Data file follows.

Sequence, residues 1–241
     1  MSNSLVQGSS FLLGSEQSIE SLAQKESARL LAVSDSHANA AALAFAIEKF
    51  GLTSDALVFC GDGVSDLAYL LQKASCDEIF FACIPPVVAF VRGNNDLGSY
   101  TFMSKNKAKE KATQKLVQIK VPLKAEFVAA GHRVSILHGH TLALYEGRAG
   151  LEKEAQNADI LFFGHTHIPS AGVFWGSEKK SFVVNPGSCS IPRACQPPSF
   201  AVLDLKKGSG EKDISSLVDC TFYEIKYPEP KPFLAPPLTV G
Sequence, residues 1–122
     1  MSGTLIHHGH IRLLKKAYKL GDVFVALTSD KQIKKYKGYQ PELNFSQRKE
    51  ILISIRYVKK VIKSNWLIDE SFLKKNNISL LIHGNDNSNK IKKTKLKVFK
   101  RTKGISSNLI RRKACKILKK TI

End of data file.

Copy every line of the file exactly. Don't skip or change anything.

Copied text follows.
Sequence, residues 1–241
     1  MSNSLVQGSS FLLGSEQSIE SLAQKESARL LAVSDSHANA AALAFAIEKF
    51  GLTSDALVFC GDGVSDLAYL LQKASCDEIF FACIPPVVAF VRGNNDLGSY
   101  TFMSKNKAKE KATQKLVQIK VPLKAEFVAA GHRVSILHGH TLALYEGRAG
   151  LEKEAQNADI LFFGHTHIPS AGVFWGSEKK SFVVNPGSCS IPRACQPPSF
   201  AVLDLKKGSG EKDISSLVDC TFYEIKYPEP KPFLAPPLTV G
Sequence, residues 1–122
     1  MSGTLIHHGH IRLLKKAYKL GDVFVALTSD KQIKKYKGYQ PELNFSQRKE
    51  ILISIRYVKK VIKSNWLIDE SFLKKNNISL LIHGNDNSNK IKKTKLKVFK
   101  RTKGISSNLI RRKACKILKK TI